New Panel To Ready Tiger Tourism Norms In 10 Days

13 September 2012
Nitin Sethi, New Delhi: Another panel has been set up by the ministry of environment and forests to decide eco-tourism guidelines in core areas and peripheral buffer zones of tiger reserves, and submit a report within 10 days.
The panel's creation comes on the back of ministry's commitment to the Supreme Court that it would review its proposed norms on eco-tourism and get back to the SC with a final version by September 29.
The new panel includes two wildlife scientists K Ullas Karanth and Wildlife Institute of India's Y V Jhala. Also, there are Brijendra Singh, considered close to the Gandhi family and a member of the National Board of Wildlife, Raghu Chundawat, a tiger expert and a resort-owner in Madhya Pradesh, Shekhar Dattari a wildlife filmmaker, Swathi Sheshadri of Equations, an NGO that works on tourism, Tushar Das of NGO Vasundhra, which works on tribal rights, and Arun Bhatnagar, a retired bureaucrat. In addition, the committee will have representatives from tribal affairs, tourism and panchayati raj ministries, besides chief wildlife wardens of MP, UP, Rajasthan, Karnataka and Assam.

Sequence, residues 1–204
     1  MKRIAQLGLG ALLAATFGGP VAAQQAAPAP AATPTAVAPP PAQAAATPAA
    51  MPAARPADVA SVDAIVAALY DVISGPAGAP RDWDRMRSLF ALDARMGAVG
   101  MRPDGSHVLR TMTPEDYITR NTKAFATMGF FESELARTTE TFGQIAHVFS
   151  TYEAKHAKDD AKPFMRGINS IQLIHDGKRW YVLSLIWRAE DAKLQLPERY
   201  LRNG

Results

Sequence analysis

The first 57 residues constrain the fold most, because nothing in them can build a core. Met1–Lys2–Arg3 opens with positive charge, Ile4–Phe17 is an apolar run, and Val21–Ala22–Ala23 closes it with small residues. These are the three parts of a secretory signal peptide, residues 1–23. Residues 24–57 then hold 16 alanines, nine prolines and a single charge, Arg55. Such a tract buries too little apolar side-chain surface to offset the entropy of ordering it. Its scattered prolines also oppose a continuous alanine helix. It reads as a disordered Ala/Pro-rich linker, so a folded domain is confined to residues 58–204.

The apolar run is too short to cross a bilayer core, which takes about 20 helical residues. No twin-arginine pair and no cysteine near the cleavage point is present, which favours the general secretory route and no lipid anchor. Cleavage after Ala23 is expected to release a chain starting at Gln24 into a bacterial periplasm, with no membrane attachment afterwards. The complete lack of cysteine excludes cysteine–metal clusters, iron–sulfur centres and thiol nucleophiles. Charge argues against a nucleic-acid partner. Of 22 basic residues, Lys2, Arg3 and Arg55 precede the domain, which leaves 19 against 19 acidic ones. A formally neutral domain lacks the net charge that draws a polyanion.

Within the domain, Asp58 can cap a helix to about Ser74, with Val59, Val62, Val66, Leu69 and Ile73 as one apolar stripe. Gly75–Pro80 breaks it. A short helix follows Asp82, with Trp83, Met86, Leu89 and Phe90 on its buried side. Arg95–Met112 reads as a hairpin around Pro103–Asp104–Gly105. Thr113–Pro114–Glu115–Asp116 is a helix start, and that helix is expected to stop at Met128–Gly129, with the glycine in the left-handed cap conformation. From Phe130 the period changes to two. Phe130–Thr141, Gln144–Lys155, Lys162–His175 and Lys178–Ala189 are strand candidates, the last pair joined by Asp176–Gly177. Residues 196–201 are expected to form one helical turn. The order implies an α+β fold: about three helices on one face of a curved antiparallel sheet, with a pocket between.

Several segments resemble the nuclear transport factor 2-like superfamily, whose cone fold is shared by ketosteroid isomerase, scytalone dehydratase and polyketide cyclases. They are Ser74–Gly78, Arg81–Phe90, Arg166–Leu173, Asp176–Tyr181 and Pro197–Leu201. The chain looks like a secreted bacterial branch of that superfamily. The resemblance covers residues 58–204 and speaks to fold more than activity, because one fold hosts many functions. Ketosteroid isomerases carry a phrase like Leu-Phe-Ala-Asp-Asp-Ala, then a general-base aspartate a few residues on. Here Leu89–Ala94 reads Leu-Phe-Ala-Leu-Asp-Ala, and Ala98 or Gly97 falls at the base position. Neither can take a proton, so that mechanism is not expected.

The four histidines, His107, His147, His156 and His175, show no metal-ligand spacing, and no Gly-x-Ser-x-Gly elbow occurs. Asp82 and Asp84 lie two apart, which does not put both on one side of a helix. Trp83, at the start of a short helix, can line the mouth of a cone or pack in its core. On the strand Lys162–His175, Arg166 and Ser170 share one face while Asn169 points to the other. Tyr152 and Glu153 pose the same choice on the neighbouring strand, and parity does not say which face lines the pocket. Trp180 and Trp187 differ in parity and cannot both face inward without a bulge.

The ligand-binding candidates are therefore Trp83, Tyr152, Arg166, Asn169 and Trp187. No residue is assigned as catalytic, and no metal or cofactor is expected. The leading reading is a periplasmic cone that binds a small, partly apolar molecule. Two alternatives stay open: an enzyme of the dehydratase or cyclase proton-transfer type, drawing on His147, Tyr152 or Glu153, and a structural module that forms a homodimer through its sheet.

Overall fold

The member secretary of the National Tiger Conservation Authority will serve as convener on the committee.
The committee been tasked to "prepare a comprehensive set of guidelines for tiger conservation and tourism as provided in section 380 (c) of the Wildlife (Protection) Act, 1972". It has been asked to keep all existing laws in mind, including the Forest Rights Act, while drawing up the guidelines.
While the apex court had put a complete but interim ban on tourism in the core of tiger reserves, the ministry had earlier recommended only partial tourism in the core run by communities. The ministry's suggestions had a rider. It sought to put stringent conditions including a cess on revenues of the resorts around tiger reserves to fund conservation. Several tour operators and resort owners had opposed both the court's interim order and government guidelines. Several states, too, had opposed a complete ban.